There's a mystery in Echoes guarded by director Timm until the time's right, one that bridges the gap between the tragic history of the glass house and Anna's visions during her sleep cycles, but the faint interest in discovering that connection gets diluted by the humdrum mess leading to that revelation. Uncannily similar in concept to 2009's supbar Deadline, from the mentally-unstable female writer in her cutoff location to the paranormal events that may or may not be facets of her imagination, the film tumbles through scant, obligatory jump-scares while revealing more pieces of its thinly-veiled puzzle. On its own, that tragic story unearthed by Anna could play as a mild but coherent urban legend in front of a campfire. When combined with the film's present-day supernatural elements, however, including a detour into native spirituality, the result is a disjointed whimper of a supernatural exercise whose vein of ambiguity comes across as hesitant storytelling instead of a blur of genres.





Video and Audio:




Echoes stirs up a tolerable but generally unsatisfying 2.35:1-framed, 1080p AVC encode, where the line between artistic intent and flawed digital rendering gets murky at times. As mentioned earlier in the review, the film's visual style fluctuates in stylized, filtered color tones, where blues frequently fill up black levels within the glass house and tannish-browns slip into darker elements in the exteriors. It doesn't help that the contrast levels are typically a bit bright and washed out in their balance, either, making darker sequences -- especially in bedrooms -- appear gray to a point that hampers the mood. Aside from that, the clarity of the economical digital photography is suitable enough for the film's intentions but unexceptional in terms of fine detail, despite some of the distinctive textures, tight close-ups, and low-budget effects in the cinematography. It'll do, but there's not a lot worth remembering from this Blu-ray treatment.



The Dolby TrueHD 5.1 track musters a stronger aural presence than the visuals, though not without its own hitches. On the positive front, the surround design holds a fairly complete atmospheric effect from start to finish, where both subtle touches -- rushing water, gusts of wind -- and potent jump-scare tactics deliver their respective effects with capable sprawl across both the front and rear channels. Balance with the creepy music renders a clear, stable sonic environment, with judicious but respectable lower-frequency response during more robust bursts of activity (cracked windows and loud crashes). Dialogue struggles in spots, though, with a good amount of clipping at the center channel during elevated conversations, though not abrasive enough to a point of inaudibility ... and, in most other cases, verbal clarity is quite suitable. Aside from that, Starz/Anchor Bay have delivered a sturdy, albeit unadorned, high-definition track.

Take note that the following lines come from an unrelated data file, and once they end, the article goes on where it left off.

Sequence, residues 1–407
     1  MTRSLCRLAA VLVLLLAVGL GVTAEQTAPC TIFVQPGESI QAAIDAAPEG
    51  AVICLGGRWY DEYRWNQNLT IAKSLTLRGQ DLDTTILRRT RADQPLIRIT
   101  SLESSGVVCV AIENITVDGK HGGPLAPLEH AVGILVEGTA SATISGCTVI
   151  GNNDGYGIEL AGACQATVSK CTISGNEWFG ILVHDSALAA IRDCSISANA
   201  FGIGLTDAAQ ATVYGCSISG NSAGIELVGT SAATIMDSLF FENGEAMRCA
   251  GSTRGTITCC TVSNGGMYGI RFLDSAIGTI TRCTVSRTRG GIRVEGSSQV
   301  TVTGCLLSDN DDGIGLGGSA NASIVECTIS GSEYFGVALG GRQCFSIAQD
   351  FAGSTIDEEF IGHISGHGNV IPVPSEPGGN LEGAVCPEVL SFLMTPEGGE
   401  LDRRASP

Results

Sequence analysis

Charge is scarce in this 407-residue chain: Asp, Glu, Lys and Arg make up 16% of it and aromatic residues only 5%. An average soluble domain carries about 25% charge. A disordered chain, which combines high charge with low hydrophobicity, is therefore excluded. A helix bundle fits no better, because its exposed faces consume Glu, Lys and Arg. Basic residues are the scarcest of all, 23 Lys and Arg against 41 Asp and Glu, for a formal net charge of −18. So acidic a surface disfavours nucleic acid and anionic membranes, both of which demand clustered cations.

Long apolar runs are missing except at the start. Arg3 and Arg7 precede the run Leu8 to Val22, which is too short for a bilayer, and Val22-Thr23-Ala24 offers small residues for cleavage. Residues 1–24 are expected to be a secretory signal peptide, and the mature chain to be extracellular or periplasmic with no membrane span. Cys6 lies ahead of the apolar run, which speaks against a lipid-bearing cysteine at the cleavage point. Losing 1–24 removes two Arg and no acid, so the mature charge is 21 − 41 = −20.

Special Features:




Nothing to see here.





Final Thoughts:




Echoes' dime-a-dozen setup and mucky psychological drama leave it in a frustratingly uninspired state, where its compelling premise -- the untrustworthy perspective of a struggling, nightmare-addled writer struggling with what's real and what's imaginary in a supernatural environment -- lacks both a truly original hook and effective tension. Much of that rests of the shoulders of a drably-realized protagonist, both on paper and through Kate French's performance, which suppresses most of the potential that its meager visual flair and mildly intriguing paranormal angle could've mustered. It's a horror film with few effective scares, a supernatural drama without a persuasive emotional streak, and a ghostly mystery with a resolution that, generally speaking, isn't very difficult to decipher early on. Anchor Bay's Blu-ray sounds good, but sports a wishy-washy transfer and no supplements. Skip It.



Thomas Spurlin, Staff Reviewer -- DVDTalk Reviews | Personal Blog/Site